The American Medical Association (AMA) today named James L. Madara, M.D., as its new Executive Vice President and Chief Executive Officer. Dr. Madara will assume leadership of the nation’s oldest and largest physician group on July 1.
Dr. Madara, 60, is an accomplished academic medical center physician, medical scientist and administrator who served as Timmie Professor and Chair of Pathology and Laboratory Medicine at the Emory University School of Medicine before assuming the Thompson Distinguished Service Professorship and deanship at the University of Chicago Pritzker School of Medicine, where he was the longest serving Pritzker dean in the last 35 years. Subsequently, he added the responsibility of CEO of the University of Chicago Medical Center, bringing together the university’s biomedical research, teaching and clinical activities. As CEO, he engineered significant new affiliations with community hospitals, teaching hospital systems, community Federally Qualified Health Centers on Chicago’s South Side, as well as with national research organizations including the Janelia Campus of the Howard Hughes Medical Institute in Bethesda and the Ludwig Foundation of New York.
“The AMA is a venerable institution, and I am honored to lead it during this challenging and exciting time,” Dr. Madara said. “The AMA has been at the forefront working to improve public health, physician practice, patient care and our American health care system for the past 164 years. Today more than ever, America’s patients and physicians need a strong and vibrant AMA to tackle the many challenges facing them. I look forward to leveraging my skills and experience to help the AMA succeed and fulfill its core mission to promote the art and science of medicine and the betterment of public health.”
While at the University of Chicago from 2002-2009, Dr. Madara oversaw a significant renewal of the institution’s biomedical campus, including the Comer Children’s Hospital, the Gordon Center for Integrative Science, a new adult hospital pavilion, and the Knapp Center for Biomedical Discovery. His deanship also extended to the University’s renowned Biological Sciences Division.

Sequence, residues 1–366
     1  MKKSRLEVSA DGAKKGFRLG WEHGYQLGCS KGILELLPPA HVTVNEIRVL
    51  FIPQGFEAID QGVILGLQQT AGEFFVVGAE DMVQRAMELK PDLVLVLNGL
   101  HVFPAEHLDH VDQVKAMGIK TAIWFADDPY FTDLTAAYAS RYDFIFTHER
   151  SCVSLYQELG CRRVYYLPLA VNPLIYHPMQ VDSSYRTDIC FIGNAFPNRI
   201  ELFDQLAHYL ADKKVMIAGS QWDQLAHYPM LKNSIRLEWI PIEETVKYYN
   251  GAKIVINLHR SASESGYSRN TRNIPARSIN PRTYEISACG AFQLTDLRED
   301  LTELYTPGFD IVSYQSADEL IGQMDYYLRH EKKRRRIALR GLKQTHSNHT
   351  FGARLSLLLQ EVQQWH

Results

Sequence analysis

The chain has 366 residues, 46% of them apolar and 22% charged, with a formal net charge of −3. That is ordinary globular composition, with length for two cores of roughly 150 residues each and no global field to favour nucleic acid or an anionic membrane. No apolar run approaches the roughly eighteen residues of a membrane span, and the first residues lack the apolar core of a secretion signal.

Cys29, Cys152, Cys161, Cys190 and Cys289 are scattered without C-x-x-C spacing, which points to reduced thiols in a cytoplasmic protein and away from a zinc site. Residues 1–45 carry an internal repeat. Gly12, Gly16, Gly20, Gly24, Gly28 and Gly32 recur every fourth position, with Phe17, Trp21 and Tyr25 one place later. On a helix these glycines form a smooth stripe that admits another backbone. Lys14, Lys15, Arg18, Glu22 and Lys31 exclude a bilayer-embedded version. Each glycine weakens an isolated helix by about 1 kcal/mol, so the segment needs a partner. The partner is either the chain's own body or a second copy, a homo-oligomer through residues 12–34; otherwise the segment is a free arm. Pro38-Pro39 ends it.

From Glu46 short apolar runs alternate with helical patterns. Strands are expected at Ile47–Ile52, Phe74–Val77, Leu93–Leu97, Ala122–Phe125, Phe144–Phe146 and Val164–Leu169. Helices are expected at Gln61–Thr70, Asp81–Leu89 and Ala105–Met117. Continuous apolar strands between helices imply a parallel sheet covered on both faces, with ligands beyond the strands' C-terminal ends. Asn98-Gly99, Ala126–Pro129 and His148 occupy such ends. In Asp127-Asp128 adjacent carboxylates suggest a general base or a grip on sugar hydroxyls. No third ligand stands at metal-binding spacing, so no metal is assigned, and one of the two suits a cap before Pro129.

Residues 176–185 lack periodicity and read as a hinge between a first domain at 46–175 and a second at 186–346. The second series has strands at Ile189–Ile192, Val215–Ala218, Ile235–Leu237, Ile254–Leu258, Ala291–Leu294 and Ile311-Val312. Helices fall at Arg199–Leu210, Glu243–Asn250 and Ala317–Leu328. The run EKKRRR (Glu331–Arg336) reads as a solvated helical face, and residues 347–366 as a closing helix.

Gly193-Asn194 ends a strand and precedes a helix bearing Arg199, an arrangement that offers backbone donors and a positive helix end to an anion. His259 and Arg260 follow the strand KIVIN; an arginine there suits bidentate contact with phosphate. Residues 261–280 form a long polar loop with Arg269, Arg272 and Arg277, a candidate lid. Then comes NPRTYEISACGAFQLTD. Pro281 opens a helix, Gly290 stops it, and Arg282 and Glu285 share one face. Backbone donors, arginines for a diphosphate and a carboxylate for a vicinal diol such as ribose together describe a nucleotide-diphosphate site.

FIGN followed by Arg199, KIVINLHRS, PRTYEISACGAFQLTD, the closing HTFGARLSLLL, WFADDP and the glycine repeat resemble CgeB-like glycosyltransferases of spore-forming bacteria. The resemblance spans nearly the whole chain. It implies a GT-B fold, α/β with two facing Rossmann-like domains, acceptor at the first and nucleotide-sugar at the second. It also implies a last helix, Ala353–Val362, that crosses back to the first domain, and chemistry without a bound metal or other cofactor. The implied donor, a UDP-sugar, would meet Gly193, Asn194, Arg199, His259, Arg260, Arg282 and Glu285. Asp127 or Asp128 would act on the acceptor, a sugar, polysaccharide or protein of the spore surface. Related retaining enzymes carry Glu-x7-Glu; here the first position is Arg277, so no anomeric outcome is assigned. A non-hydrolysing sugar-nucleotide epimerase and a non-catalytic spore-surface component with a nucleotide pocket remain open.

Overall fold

“The American Medical Association is thrilled to have a proven medical leader like Dr. Madara serve as our next EVP/CEO,” said Ardis D. Hoven, M.D., chair, AMA Board of Trustees. “Dr. Madara is a strong strategic thinker and planner who has a track record of bringing people together to accomplish significant, ambitious, health-related goals and projects. Having overseen a $1.6 billion integrated academic medical center, Dr. Madara understands many of the complex clinical, academic and business-related issues confronting medicine and health care today. His insight and perspective will be invaluable in helping the AMA tackle its agenda.”
Dr. Madara is a noted academic pathologist and an authority on epithelial cell biology and on gastrointestinal disease. He has published more than 200 original papers and chapters, making important contributions to understanding the biology of the cells that line the digestive tract. His work has garnered both national and international awards.
Dr. Madara has served as President of the American Board of Pathology, as Editor-in-Chief of the American Journal of Pathology, has received a prestigious MERIT Award from the NIH, has been elected to membership in the Association of American Physicians, and recently received the Davenport Award for lifetime achievement in gastrointestinal disease from the American Physiological Society.
Most recently, Dr. Madara served as senior advisor with Leavitt Partners, a highly innovative health care consulting firm started by former Secretary of Health and Human Services Mike Leavitt.
Dr. Madara earned his medical degree from Hahnemann Medical College in Philadelphia. He completed his internship and residency at New England Deaconess Hospital in Boston. He subsequently completed a fellowship in anatomy and cell biology at Peter Bent Brigham Hospital in Boston (now Brigham and Women’s Hospital). Following his fellowship, Dr. Madara joined the faculty of Harvard Medical School where he rose to a full tenured professor and served as director of the Harvard Digestive Diseases Center.